We are yet to see commercial adoption of driverless cars because it is perceived as scary to be sitting in a vehicle that isn’t being controlled by a living, breathing human being. But you know what could be scarier? Pilotless planes! Autonomous planes are expected to become mainstream as early as 2025. However, people may not be ready to absorb the idea of passengers being air-borne with no human assistance.
According to a UBS report, while the idea of pilotless planes is technically feasible and could benefit the aviation industry economically, only a few people are brave enough to actually travel in such a plane. Out of the 8,000 people surveyed globally, only 17 percent said they would be willing to fly in a fully autonomous plane.
The multi-billion aviation industry is known to spend as much on training of flight crew to make it a successful model. However, if autonomous planes are commercialized, the industry is expected to save up to $35 billion annually, and make flights safer and more efficient. Up to an estimated $3 billion in pilot compensation savings can be achieved for the business jet industry while flight optimization savings could be over $1 billion, among other benefits. From the consumer point of view, the ticket prices could be reduced by about 11 percent if human pilots are replaced with AI. ALSO READ: Move over Google and Ford; Indian man builds himself a self-driving Tata Nano
Similar to driverless cars, there are two main obstacles – perception and regulation. The report details that the aerospace and defence sectors have been exploring the idea of pilotless planes for two decades. Drawing the parallel between drones and planes, the report suggests that the technology to control the unmanned aerial vehicles already exists and it could be adapted to control civil aviation, including small to medium-sized business jets, and eventually to commercial aircraft. Its application in the commercial industry, however, will be specific to flights with under seven hours of continuous flying.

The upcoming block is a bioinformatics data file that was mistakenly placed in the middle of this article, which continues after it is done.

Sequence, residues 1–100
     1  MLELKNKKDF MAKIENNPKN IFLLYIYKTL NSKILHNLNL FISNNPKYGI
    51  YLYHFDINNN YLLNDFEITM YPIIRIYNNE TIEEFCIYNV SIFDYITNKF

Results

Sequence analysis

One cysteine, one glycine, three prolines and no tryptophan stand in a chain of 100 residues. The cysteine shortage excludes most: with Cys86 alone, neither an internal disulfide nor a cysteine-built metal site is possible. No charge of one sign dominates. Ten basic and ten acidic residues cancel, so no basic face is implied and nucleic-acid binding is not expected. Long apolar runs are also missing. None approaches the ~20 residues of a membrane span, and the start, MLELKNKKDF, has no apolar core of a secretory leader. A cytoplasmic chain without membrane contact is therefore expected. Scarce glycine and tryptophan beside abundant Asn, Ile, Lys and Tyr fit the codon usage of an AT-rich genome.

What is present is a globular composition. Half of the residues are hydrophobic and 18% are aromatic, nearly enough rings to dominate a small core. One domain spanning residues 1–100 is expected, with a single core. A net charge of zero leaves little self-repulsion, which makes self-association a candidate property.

While commercial drones can be flown around with little or no expertise without particularly damaging life or property, the case is not the same when it comes to flying a plane full of passengers. Half of the respondents said that they wouldn’t buy a ticket for a pilotless flight even if was cheaper than a traditional piloted flight. Interestingly, young and more educated respondents, aged between 18 to 34 years, were open to the idea of pilotless planes, while people from countries such as Germany and France were not too receptive to the idea of a self-flying plane. RELATED: Full autonomy not possible or desirable in self-driving cars: Gartner
One might argue that the existing systems for traditional aircraft also nullifies years of research and pilotless plane is nothing but a distant dream. However, UBS analysts expect that the awareness efforts for such technology will begin soon and by the 2025 target, only commercial self-flying aircraft will be rolled out to demonstrate how the flights can safely fly from one point to the other without any issue. Once there is enough confidence in the system, the next step will be to remove pilots, from a two-person cockpit to just one person monitoring the system and taking charge, if needed, before human pilots are completely phased out eventually.
As we have seen with Google‘s driverless cars, a significant amount of trust is needed by people and regulatory bodies to allow independent vehicles driving or flying on their own. While the risks involved is in equal measure when it comes to cars or planes, the latter is certainly a far cry from reality. Until then, we can wait and watch to see how Dubai’s flying taxi drones perform when trials begin by the end of this year. ALSO READ: Uber grounds its self-driving cars fleet after crash in Arizona